Given that India has better infrastructure for schooling relative to healthcare, and near universal primary school enrolment rates, many believe that providing basic health services through schools rather than clinics may be more cost effective. This column finds that coverage achieved by health programmes administered through schools is also low, even lower than the average school attendance rates. The key constraint on coverage is shortage of healthcare personnel.
Given the very low quality of government health institutions in developing economies, and their consequent failure to deliver even basic health services such as vaccinations and annual checkups, many researchers advocate providing these services to children through schools, capitalising on near universal primary enrolments. For example, Jamison et al (2006) argue that low-income countries typically have more teachers than nurses and more schools than clinics, often by an order of magnitude. This greater availability of schooling infrastructure leads them to suggest that providing basic health services through schools, rather than through local clinics, may be more cost effective. The provision of health services through schools constitutes the primary message of FRESH (Focusing Resources on Effective School Health), the inter-agency framework developed by the United Nations Educational, Scientific and Cultural Organization (UNESCO), United Nations Children’s Fund (UNICEF), World Health Organization (WHO) and the World Bank, launched at the Dakar Education Forum 2000.
Yet, the coverage achieved by health programmes administered through schools is also low. Consider, for example, the school health checkups provided by the state Government of Bihar, one of India’s poorest states, through a programme entitled Nayi Pidhi Swasthya Guarantee Programme (NPSGY). The programme, introduced in the 2011-2012 school year, was intended to provide universal health checkups to the 34 million children of pre-school and school-going age in the state. However, despite near universal enrollment in Bihar’s primary schools, coverage of students under the scheme was disappointingly low in its first year, at only 43.6% of the targeted population. In three districts of the state, coverage rates were less than 10%, and in an additional six, health checkups could only be provided to less than 30% of the school population.
These low coverage rates are widely believed to reflect the high absenteeism levels that characterise rural government schools in the state. Survey data we collected in 2012 on students enrolled in grade 2 in 32 schools spread over two districts of the state reveal an average attendance rate of only 57%, suggesting that students attend school for just over half of official school days (Kochar 2013). Data from other sources support this finding. For example, 2005-2006 data from the National Family Health Survey (NFHS) reveals an attendance rate of 64.6% for boys and 55.4% for girls in rural schools of the state. Figure 1 also reveals the significant monthly variation in attendance. Average attendance is very low at the beginning of the school year, at only 46%. While this number increases slowly over the next few months, it falls again in August, rises in September and October, and then falls again in November and December. The seasonality in attendance reflects a combination of factors, including religious holidays and the agricultural crop cycle.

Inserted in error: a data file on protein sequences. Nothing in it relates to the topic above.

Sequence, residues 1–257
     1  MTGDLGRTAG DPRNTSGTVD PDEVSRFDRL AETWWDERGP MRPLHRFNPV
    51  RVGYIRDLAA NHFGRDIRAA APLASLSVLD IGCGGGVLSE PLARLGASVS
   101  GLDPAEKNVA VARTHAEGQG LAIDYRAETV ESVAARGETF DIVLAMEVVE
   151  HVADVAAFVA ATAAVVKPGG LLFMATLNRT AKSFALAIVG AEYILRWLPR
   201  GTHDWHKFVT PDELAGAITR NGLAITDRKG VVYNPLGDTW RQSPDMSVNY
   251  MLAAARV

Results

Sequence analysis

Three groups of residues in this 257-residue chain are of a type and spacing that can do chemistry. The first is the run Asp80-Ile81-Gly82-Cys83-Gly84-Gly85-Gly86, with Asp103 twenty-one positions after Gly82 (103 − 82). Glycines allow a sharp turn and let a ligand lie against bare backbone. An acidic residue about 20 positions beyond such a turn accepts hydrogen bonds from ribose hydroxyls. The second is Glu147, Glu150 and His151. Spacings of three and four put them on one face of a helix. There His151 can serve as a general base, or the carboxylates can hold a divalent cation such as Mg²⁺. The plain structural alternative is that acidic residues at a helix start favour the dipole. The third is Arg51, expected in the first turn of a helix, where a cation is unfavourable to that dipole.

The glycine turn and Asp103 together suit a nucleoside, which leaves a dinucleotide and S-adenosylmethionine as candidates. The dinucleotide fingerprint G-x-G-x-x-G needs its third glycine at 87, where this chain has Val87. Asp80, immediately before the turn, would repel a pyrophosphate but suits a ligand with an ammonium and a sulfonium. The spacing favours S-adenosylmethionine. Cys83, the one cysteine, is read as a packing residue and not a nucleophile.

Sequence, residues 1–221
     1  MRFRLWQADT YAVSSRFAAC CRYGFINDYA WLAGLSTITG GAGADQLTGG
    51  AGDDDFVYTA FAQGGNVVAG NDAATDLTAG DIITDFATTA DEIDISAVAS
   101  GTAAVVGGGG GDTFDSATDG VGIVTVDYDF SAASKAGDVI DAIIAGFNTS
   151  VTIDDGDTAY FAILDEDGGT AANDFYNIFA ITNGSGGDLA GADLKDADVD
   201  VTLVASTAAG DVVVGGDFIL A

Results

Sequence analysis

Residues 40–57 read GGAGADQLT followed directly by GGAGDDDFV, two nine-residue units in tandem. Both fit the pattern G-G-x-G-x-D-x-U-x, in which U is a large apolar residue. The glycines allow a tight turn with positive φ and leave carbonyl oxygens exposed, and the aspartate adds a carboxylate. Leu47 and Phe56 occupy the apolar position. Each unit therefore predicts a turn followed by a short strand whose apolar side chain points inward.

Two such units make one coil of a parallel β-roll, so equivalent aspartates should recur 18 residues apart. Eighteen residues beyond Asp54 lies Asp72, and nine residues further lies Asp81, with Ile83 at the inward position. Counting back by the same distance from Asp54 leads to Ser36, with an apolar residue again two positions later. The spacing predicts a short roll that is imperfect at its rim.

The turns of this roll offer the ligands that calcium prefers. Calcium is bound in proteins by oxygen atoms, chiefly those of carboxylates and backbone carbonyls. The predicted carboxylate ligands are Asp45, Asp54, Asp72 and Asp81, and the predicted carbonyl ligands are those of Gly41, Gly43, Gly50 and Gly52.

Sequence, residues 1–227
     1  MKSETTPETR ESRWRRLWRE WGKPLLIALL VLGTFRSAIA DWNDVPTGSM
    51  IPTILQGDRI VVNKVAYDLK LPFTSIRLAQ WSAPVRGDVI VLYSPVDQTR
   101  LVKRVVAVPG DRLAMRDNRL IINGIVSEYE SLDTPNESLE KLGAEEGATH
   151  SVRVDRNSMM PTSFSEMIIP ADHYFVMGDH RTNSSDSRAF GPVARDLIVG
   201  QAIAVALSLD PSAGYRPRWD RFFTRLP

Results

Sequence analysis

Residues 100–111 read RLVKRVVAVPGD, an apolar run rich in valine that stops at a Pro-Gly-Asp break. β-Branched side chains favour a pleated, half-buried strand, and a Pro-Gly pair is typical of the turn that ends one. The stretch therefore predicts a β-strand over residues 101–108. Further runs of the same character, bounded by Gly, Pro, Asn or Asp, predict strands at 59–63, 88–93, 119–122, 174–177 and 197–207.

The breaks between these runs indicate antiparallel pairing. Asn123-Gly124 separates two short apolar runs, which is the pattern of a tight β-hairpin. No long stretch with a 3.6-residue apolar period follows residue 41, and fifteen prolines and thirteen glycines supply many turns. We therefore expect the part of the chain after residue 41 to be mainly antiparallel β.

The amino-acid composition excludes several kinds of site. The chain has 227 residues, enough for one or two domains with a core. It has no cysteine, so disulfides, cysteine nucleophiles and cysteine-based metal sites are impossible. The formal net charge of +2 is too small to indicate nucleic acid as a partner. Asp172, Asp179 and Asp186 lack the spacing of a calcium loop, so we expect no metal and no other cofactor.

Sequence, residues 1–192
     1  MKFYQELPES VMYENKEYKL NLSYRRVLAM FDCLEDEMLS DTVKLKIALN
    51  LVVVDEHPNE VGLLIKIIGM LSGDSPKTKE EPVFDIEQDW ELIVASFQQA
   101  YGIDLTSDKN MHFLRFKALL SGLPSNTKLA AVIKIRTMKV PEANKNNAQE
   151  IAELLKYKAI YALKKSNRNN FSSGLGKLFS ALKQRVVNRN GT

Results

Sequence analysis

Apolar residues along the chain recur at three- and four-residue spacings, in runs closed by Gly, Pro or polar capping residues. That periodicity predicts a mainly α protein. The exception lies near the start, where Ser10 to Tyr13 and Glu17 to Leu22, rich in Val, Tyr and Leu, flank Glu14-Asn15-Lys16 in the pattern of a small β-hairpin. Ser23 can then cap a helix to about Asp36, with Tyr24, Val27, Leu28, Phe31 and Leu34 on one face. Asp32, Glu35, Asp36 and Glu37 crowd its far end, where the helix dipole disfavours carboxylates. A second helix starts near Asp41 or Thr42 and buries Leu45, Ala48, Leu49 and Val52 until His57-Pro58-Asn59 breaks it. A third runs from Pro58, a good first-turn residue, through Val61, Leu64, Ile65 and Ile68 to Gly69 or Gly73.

That high absenteeism explains low coverage seems obvious; if a student is absent on the day of the health checkup, he or she will be unable to avail of the services provided. Aggregating up, this suggests that schools with high overall absenteeism must record lower than average coverage under the programme. In fact, this is not always the case. Some districts with better functioning schools and higher attendance rates actually record lower-than-average coverage. And, the very low programme coverage rates in some districts, discussed previously, are far lower than school attendance rates. Indeed, the overall coverage rate achieved by the programme is significantly lower than the average attendance rate in schools.
Figure 1. Monthly variation in attendance, grade 2 students, 2011-2012
Resource constraints in the health sector
An alternative explanation relates low coverage to the resource constraints that characterise local health institutions, namely a lack of health personnel relative to the population that has to be served. These constraints are widely believed to explain the relative failure of government clinics to deliver basic health services to the population. Health services in India are delivered through a federated structure of institutions, with Health Sub-centers (HSCs) at the base and Primary Health Centers (PHCs) at the next level. While national norms stipulate that there should be one HSC per 5,000 population (and one per 3,000 population in hilly, tribal or desert areas), the average population covered by HSCs in the state is more than four times this norm (24,600). In several districts, the population per HSC exceeds 80,000. Similarly, the inability of the state to meet national norms for PHCs (one PHC per 30,000 population) has required the state to invest in a set of intermediate institutions, termed “Additional” PHCS (APHCs). Even these new institutions, however, are serving much higher populations than planned. In one of our survey districts, for example, data from the 2012-2013 District Health Action Plan reveals a population of 61,000 per APHC, which is double the intended level.